The ketogenic—keto—diet is a progressively famous eating plan that promises big results. However, it’s not the easiest diet to follow, and these early mistakes can sabotage your weight-loss goals.
You give up too soon:
You possibly expect to see results with keto quickly. a lot of keto eaters lose a lot of water weight rapidly after beginning this diet. Without carbs to maintain your glycogen (energy) stores, your body burns through them and dumps all the water they hold. That’s the “water weight” you will rapidly lose in the early days of a keto diet. “We see people quitting before they feel all the benefits of being a fat-burning machine,” Santo says. “Some leave even as soon as the first week.” That’s frequently the result of keto flu. It’s a temporary condition that many keto eaters experience as their body transitions natural energy sources. Keto flu symptoms include mood swings, nausea, headaches, sluggishness, and more.
You aren’t getting enough water:
You’ve heard this proclamation even before starting keto diet: You need plenty of water each day for your health. That’s especially true with the keto diet. Without carbs, your body won’t store as much water. Anything you drink passes right through—you can expect to urinate frequently. “Starchy foods have more water retention,” Dr. Marvasti says. “When you avoid these types of foods, you need to make sure you are compensating by drinking enough water.” These 7 clever ways to stay hydrated can help.
You eat the wrong vegetables:
Many veggies are carb-heavy—they can’t fit into an ultra-low-carb diet. These include potatoes of course, but even yams, corn, peas, and carrots. The best options for keto dieters include asparagus, bell peppers, Brussels sprouts, leafy greens, and zucchini. “What’s tough for many people to grasp when starting out on a ketogenic diet is that you can’t really eat a lot of [certain] vegetables,” Mancinelli says. “When you’re keeping carbs super low, you have to limit vegetables—which goes counter to everything you know about how to eat healthily and lose weight.”
Dieters and healthy eaters are programmed to get vegetables at every meal so as to reach their daily plant quota. However, Mancinelli says the cumulative total can blow through your daily net carbs. “The carbs in all those vegetables add up,” she says. “Some carbs here and there with cheese, nuts, and seeds, and you can really miss the mark for ketosis.”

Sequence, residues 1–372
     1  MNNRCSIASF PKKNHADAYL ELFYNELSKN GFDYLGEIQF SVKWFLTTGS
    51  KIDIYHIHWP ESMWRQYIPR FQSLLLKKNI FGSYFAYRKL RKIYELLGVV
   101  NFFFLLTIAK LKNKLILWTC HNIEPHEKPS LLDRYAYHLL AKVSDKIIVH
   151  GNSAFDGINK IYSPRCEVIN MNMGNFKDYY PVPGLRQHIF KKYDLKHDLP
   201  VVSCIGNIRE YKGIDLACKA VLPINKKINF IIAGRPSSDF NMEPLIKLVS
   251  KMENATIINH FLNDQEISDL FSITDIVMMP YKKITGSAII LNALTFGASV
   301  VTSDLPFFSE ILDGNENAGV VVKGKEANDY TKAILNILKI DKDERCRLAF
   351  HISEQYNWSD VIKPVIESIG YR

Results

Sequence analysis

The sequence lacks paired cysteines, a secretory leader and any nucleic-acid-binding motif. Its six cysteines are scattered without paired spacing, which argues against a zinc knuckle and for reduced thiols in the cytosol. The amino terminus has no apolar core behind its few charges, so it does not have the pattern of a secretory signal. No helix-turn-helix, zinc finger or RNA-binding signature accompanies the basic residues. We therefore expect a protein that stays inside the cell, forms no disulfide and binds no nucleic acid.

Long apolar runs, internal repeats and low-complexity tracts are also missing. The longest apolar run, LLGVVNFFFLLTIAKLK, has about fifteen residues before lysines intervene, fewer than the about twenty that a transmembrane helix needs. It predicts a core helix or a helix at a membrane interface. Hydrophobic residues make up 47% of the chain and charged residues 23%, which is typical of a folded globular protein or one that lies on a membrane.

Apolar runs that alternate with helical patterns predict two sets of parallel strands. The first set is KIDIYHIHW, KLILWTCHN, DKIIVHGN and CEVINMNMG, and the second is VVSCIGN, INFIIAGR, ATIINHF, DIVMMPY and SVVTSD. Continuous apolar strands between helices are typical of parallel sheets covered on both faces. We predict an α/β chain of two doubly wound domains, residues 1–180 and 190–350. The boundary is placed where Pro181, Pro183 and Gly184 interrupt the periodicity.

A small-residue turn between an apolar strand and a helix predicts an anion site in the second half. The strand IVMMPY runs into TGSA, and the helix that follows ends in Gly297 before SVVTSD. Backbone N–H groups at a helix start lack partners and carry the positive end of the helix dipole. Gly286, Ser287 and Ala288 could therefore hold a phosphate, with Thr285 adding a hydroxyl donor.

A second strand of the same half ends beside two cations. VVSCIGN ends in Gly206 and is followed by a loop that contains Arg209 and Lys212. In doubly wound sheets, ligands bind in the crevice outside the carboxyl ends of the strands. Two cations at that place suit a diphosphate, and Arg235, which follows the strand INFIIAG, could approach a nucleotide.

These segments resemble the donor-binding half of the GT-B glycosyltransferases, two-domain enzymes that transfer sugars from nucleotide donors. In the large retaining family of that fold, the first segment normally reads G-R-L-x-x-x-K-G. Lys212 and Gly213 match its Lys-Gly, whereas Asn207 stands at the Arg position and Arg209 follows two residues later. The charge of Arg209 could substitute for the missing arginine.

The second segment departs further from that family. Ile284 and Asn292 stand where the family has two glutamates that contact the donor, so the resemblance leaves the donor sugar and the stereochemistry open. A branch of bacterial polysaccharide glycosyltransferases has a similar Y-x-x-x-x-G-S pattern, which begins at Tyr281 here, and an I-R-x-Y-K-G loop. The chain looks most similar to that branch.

You don’t plan ahead:
Eating out while going keto can be tricky. Planning ahead helps you know where your next snacks and meals will come from. This way, you won’t be tempted to reach for an easy high-carb fix like fast food. Each week, plan out everything from meals to snacks. If you’re using an app, fill in your estimated macronutrients ahead of time. This will help you get an idea of your overall intake, so you can make adjustments to reach your daily goals more easily.
You’re eating too much protein:
Getting your macronutrients—fat, protein, carbohydrates—in balance ensures your body has the best sources of energy. “The ketogenic diet is actually for ‘nutritional ketosis’ is 20 percent protein, 5 percent carbs, and 75 percent fat,” says Jake Crandall the founder of Okie Crossfit in Tulsa, Oklahoma. “If you go really high in protein, then you are effectively on the Atkins Diet and are low-carb. You’ll achieve weight loss, but not the health benefits of being in ketosis.” According to Harvard Medical School, a daily 2,000-calorie keto diet might look like this: 165 grams of fat, 40 grams of carbs, and 75 grams of protein. Of course, the ratio depends on your specific requirements.
You don’t eat quality foods:
A lot of unhealthy foods simply meet keto’s low-carb, high-fat criteria. But, that doesn’t mean you may or should eat them freely. “A huge benefit to following the keto diet is that the vast majority of processed food is removed with the removal of grains,” Santo says. “unluckily, poor-quality dairy, meat, and veggies may fill the gap.” Look for healthier, better-quality sources of protein and fat. This includes grass-fed meats and limiting processed dairy (think cheese singles) as much as possible.
You pile on the artificial sweeteners:
White sugar, honey, and most traditional sugars are out when you’re eating keto because of the high carb counts. While many artificial sweeteners deliver sweetness sans a single carb, that doesn’t mean you should eat them, Crandall says. “We have demonized sugar—rightly so—for causing unneeded insulin spikes,” Crandall says, but “many artificial sweeteners do the exact same thing.”
You focus on the scale:
“Weight loss for most people will be significant for the first couple of weeks,” Lincoln says. “But just like any eating lifestyle change, your body will adjust and the weight loss will gradually slow down.” Lincoln suggests focusing on “non-scale victories.”
“The argument is that after decades of abusing your body with carbohydrates and thus creating insulin resistance, your body is not going to magically heal itself from a measly 30 days on a low-carb eating plan,” she explains. “If you need things to celebrate while you wait for the scale to start ticking down, look toward your other accomplishments—body composition, pictures, and measurements after three months.”
Give your body time to adjust, and the results will show up and become permanent.